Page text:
And, as I’ve briefly mentioned, a paper filter is also used to keep out all of the unwanted coffee oils, bitter notes, and medium-fine coffee grounds, resulting in a cleaner final cup with vibrantly bright notes.
But, unlike the automatic drip machine, you can’t leave your brewing device. You have to stay for the whole 4 minutes and manually control everything:
- The coffee-to-water ratio
- The water temperature (195 – 205 degrees Fahrenheit / 91 – 96 degrees Celsius)
- The speed, the angle, and how long you pour
So you definitely need more than a quick minute of reading the instruction manual to master the craft of making a Pour-Over cup of coffee. To quicken your learning curve, use a gooseneck kettle which can aid you with the pouring process.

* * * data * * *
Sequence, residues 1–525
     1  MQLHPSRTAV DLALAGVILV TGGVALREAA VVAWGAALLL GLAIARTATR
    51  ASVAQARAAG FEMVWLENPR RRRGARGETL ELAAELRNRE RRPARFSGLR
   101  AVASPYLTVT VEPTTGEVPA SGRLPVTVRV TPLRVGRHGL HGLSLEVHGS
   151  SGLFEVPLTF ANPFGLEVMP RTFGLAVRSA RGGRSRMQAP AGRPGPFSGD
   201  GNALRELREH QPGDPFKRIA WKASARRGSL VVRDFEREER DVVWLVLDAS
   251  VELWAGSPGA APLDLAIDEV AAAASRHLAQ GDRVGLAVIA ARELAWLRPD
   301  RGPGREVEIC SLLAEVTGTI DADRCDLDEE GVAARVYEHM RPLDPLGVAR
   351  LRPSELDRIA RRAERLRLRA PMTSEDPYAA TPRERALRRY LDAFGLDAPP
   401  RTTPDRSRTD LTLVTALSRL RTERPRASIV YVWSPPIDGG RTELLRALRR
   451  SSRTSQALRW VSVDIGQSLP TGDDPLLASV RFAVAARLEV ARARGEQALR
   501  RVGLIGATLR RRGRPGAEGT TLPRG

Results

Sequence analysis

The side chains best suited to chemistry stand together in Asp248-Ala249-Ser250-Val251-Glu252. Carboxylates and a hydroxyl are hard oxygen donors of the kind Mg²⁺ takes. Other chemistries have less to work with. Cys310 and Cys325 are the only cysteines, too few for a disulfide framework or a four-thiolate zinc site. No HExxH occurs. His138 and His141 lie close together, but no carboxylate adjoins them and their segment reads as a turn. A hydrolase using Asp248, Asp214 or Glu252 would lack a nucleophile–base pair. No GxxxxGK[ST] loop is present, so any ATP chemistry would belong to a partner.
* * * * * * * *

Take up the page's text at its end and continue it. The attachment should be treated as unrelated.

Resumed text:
It’s also available in multiple sizes and various materials such as glass, ceramic, and plastic. Since this dripper cone is compact, get a plastic one for a portable option.
Who It’s For
Overall, the Hario V60 is for the coffee enthusiasts who have the time and energy to learn to make specialty coffee at home manually or anyone who’s fallen in love with the shape of the Hario V60 and the taste of a bright and clean cup of Pour-Over.
Another invention of the Japanese, the Kalita Wave is also a classic that can be considered the more easy-going version of the Hario V60.
This dripper is neatly designed with a wide cone and uniform descending ridges.
And rather than a singular hole at the bottom, Kalita Wave is known for its signature flat bottom with 3 small extraction holes, enabling it to effectively control and restrict the flow of water, ultimately relieving some of the pressure on the skills of the barista.
What you get is an evener and fuller-bodied cup of coffee with a stronger taste despite the usage of paper filters and less risk of an error.